5 Questions With Musician/Filmmaker Meshack Otieno ‘Suba’

July 1, 2019

Meshack Otieno alias Suba is a contemporary musician who doubles up as a filmmaker.

1. Your real name is Meshack Otieno. Why do you use “Suba” as your stage name?

The use of that name is paying homage to my tribe. People assume that I am Luo, but I’ve always had that desire to connect to my original origin, if I may say. I am an Abasuba. I feel disconnected from my true heritage, and it is an effort to reach out to my culture.

2. What instigated your departure from music? What made you return?

I’ve always been a singer from my very early days. I disconnected from music because I needed to pursue my career as a filmmaker, which I had a really good time doing. I was in the papers, actually, for that, and now I’m in the papers for music.

So I must be doing something right! I came back because I felt like I owed it to myself. I would like to be a good example to all those who look up to me.

To teach them that they can follow their dreams no matter what. But most of all, I returned to music because I owed it to myself. I didn’t want to keep remembering that I was really good at that, but I didn’t follow through with it. I don’t want any “what ifs” when I’m 60 years old. Besides, music is therapeutic!

3. What is your latest single about? Is your music usually from personal experience or fantasy?

I rarely do fantasy with music, because I don’t think I connect with it and if I don’t connect with it then I know no one else out there will. The person who tells the story best is the person who was there when the story was unfolding.
My latest single is called Moving On, and it speaks about lost love. I have gone through that and it as a song that came out whole.

That’s what was amazing about it. I didn’t struggle while writing the verses. It was from an experience I had in love, in losing it, and the difficulty in moving on. The irony is that the song actually helped me to accept, move on, and heal.

There are people who are good at writing songs based on fantasy but I find it easier to talk about things I have been through. That makes it easier for me to relay my experience to others. People are different.

There are those who like fantasy books and there are those who prefer history books. I like facts, things that actually happened.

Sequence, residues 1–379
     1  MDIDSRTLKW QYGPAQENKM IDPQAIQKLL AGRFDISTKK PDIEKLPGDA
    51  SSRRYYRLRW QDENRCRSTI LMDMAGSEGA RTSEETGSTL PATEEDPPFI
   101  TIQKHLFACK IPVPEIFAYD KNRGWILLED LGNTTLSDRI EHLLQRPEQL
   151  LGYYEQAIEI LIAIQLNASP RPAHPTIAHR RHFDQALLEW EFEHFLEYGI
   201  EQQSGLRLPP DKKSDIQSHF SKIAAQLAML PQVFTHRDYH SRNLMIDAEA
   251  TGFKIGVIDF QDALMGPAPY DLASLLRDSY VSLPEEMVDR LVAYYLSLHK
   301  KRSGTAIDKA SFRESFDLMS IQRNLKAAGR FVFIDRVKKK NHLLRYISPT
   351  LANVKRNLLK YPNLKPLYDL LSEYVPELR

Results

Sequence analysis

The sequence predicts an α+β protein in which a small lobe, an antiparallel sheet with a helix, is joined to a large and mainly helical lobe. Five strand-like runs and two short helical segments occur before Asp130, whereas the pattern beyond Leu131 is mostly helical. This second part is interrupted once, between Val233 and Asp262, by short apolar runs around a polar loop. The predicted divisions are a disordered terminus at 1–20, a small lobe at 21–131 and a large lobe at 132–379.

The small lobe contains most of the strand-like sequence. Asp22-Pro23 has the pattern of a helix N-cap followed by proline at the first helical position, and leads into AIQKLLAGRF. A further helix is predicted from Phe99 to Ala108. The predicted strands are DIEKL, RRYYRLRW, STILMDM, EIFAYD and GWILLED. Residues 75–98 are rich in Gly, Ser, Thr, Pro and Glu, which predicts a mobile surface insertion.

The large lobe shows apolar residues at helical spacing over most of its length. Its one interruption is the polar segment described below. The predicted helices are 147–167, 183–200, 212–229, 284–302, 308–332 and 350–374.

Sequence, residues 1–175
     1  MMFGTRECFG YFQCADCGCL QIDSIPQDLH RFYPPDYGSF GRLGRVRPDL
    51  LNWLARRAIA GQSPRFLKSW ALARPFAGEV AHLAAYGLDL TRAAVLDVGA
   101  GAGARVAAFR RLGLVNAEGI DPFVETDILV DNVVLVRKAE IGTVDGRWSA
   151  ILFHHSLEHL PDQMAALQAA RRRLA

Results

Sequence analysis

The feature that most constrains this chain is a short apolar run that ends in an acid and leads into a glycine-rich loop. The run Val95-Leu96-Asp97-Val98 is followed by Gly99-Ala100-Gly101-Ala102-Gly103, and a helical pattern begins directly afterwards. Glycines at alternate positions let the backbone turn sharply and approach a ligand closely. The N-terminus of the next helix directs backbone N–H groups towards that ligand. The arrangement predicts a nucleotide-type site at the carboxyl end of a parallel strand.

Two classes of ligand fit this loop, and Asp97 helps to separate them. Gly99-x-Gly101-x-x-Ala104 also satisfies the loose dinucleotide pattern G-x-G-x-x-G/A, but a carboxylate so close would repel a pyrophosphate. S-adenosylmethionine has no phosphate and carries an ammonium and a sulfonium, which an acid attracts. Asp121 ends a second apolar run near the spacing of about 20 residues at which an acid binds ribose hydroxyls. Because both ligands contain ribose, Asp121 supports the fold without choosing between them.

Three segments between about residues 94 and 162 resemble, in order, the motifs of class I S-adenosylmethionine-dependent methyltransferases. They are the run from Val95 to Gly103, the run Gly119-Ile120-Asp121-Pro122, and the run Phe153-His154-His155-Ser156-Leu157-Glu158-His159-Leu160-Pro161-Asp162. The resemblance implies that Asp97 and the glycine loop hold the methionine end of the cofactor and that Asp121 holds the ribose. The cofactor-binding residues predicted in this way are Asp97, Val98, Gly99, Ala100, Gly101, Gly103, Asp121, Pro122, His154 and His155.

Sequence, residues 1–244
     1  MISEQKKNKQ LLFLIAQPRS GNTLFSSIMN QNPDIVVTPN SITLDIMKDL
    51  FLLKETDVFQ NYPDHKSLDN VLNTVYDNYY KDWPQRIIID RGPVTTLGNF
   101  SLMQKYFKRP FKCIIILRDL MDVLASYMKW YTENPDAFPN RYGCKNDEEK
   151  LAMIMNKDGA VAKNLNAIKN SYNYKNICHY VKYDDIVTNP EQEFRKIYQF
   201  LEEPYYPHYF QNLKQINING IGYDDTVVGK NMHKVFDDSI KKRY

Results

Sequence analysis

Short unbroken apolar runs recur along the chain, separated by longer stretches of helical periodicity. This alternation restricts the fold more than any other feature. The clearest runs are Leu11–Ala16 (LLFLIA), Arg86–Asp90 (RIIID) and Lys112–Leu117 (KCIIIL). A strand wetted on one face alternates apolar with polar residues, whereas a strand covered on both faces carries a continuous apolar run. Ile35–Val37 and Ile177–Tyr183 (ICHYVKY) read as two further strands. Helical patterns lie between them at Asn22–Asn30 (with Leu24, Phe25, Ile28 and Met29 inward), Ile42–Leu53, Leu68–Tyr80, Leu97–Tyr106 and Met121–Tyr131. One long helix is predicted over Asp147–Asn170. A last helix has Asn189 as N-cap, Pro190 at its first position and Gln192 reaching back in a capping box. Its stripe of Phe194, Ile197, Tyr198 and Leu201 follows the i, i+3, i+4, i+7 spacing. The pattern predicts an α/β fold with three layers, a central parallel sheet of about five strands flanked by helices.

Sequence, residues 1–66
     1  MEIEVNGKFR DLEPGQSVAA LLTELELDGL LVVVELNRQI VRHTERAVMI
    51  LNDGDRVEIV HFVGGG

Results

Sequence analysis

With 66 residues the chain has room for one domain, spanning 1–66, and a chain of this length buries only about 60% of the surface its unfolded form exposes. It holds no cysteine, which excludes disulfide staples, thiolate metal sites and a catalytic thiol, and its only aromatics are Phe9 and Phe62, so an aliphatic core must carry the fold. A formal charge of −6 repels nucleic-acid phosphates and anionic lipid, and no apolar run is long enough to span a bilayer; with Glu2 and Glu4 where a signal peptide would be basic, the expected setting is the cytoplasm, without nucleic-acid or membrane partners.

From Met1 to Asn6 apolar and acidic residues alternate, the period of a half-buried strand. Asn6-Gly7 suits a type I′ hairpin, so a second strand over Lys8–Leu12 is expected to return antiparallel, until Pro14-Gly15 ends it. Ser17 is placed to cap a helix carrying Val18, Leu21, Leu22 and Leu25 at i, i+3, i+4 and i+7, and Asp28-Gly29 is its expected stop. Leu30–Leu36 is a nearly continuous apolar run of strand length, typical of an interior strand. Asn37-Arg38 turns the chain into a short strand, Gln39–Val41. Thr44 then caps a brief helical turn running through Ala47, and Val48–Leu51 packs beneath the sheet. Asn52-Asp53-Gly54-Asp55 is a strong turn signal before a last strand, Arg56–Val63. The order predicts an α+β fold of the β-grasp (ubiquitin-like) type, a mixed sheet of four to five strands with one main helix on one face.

Human beings tend to base their nature on things that have already happened. What happens defines perspective.

4. In terms of vocal ability, what do you think is important to know and learn before you get into a studio?

Wow. I sing to myself, and that helps me gauge my vocal ability as well as my execution. I take it really easy. I breathe and make sure there is enough air in my lungs, not only for my performance, but also to clear my head, to get into character and to internalise the words.

Once I get to the studio, I feel like I am in control. I know exactly why I am hitting that high note, and why I’m going so low.

It’s all about emotion. And the only way to do that is to feel it, to actually do it, on my own. Letting the music speak to me.

It’s important for you to know yourself, because you’re the only one who knows what you want. What you want will determine how much work you put in.

Music is a very unconventional form of art. The kind of reactions I get out of people about my music amuses me all the time.

Like, what is Fall Kishenzi, what is Moving On, we’ve never heard that before. It’s something unconventional. I want to sound like what I sound in my head. Who I know myself to be.

5. Was it hard for you to put out your first single? How do you think first time artists should navigate the unclear waters in the music industry?

Of course it was hard. When I got in, I knew nothing, apart from some musicians. I was disappointed because the people who committed and said: “Come along, we’ll help. We’ll show you how to do this,” didn’t.

You have to learn how to do it on your own. People are not always willing to help. I shouldn’t have felt entitled to be shown the ropes, but then I realised I had to get to a place where I could create my own formula and system. It helped me understand that my music is my responsibility.

No one is going to check on you and ask if you’ve gone to a studio yet. It is your responsibility. Along the way I got to appreciate myself and place myself on a pedestal where I can now say: “I believe in my music.

How far can I push it? How much blood, sweat and tears can I pour into it every day?” If the song is really good, I’ll make sure everyone gets to hear it. It’s you to assess its quality. It’s all on your shoulders. You have to bear it.

Sometimes you’ll be going hungry because you paid for studio time! You have to see the bigger picture. The people around you who may work for you may not see the overall picture, but you must see it. It’s much easier to bear the burden if you are focused on the result.

Courtesy: Nation.co.ke

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